from the GNU version of the Collaborative International Dictionary of English
- n. A person who favors the abolition of any institution, especially negro slavery.
from The Century Dictionary and Cyclopedia
- n. A person who favors the abolition of some law, institution, or custom.
from WordNet 3.0 Copyright 2006 by Princeton University. All rights reserved.
- n. a reformer who favors abolishing slavery
Sorry, no etymologies found.
The main abolitionist organization in the U.S. was the The American Missionary Association, indenominational Christian but growing out of the evangelical movement.
Of course our people did not know what the word abolitionist meant; they evidently
The Portent, in 1859, a poem in which he calls the abolitionist John Brown hanging in a tree "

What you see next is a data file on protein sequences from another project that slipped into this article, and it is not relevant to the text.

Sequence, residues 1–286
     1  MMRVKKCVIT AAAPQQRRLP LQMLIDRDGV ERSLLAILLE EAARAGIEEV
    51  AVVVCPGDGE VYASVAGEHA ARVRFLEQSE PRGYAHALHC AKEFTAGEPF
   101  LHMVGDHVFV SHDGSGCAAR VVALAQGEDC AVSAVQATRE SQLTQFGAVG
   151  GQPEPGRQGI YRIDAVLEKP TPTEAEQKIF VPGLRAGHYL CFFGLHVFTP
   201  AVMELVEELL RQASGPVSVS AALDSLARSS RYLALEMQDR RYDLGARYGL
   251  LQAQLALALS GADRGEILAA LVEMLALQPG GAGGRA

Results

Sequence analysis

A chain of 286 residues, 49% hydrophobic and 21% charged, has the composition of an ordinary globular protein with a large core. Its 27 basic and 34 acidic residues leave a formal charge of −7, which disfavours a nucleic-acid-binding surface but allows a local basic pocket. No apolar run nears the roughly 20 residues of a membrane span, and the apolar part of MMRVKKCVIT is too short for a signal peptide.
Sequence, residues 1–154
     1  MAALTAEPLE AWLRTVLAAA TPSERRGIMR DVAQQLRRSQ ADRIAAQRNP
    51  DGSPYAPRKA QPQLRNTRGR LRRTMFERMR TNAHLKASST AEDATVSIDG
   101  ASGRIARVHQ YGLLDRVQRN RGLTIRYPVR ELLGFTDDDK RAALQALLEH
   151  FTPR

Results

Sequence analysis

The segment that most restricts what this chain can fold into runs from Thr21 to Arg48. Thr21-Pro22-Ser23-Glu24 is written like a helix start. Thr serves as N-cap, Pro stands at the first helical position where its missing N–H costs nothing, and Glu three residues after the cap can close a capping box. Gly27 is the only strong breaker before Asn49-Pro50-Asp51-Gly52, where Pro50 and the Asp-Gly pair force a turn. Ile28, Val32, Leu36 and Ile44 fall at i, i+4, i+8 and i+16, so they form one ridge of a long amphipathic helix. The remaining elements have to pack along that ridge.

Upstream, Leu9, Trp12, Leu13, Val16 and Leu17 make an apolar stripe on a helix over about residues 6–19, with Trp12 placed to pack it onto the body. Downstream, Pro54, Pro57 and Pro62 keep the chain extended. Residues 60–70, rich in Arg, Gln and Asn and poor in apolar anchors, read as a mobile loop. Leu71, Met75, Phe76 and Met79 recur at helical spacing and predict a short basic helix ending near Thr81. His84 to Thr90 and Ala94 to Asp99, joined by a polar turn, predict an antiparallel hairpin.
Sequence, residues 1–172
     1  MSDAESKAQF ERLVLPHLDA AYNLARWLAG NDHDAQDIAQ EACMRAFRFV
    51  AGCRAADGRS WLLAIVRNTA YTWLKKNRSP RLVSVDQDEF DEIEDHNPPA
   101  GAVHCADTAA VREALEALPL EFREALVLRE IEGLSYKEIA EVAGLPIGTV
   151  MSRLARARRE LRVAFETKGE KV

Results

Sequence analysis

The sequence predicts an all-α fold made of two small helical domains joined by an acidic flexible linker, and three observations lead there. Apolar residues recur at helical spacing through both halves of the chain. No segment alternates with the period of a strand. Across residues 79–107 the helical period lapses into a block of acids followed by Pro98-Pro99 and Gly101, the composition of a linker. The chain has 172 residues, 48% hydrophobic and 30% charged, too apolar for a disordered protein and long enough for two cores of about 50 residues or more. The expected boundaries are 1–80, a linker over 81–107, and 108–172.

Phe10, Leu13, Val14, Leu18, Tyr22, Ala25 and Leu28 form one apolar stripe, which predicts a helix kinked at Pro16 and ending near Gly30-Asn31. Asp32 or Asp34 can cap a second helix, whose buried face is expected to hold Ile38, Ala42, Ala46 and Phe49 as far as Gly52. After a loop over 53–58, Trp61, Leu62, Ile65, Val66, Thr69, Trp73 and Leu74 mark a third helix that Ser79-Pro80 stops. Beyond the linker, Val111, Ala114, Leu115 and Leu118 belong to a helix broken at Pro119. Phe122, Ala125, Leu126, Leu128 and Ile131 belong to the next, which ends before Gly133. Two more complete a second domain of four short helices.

He knew an abolitionist was a person who wanted to end slavery.
He affects to hate the abolitionist, which is odd, considering that he helps him in his dirty work of Disunion.
North is divided into two sections, of which one may be called abolitionist, and the other non-abolitionist.
But for most of his 59 years, the abolitionist was a clean- shaven entrepreneur -- a mercantilist everyman in the rapidly expanding economy of the 19th century.
Sakow, who definitively identifies herself as an "abolitionist," was in New York City on January 7th, the day before she was scheduled to leave for Israel.
I will say to you -- what about the massacre of supposed 'abolitionist' German immigrants in 1862 and 1863, with dozens killed by crazed mobs, and at least nineteen hanged by the Confederates?
As a matter of fact, the term "abolitionist" was often equated with "atheism" due to the fact that they were disobeying a divine edict.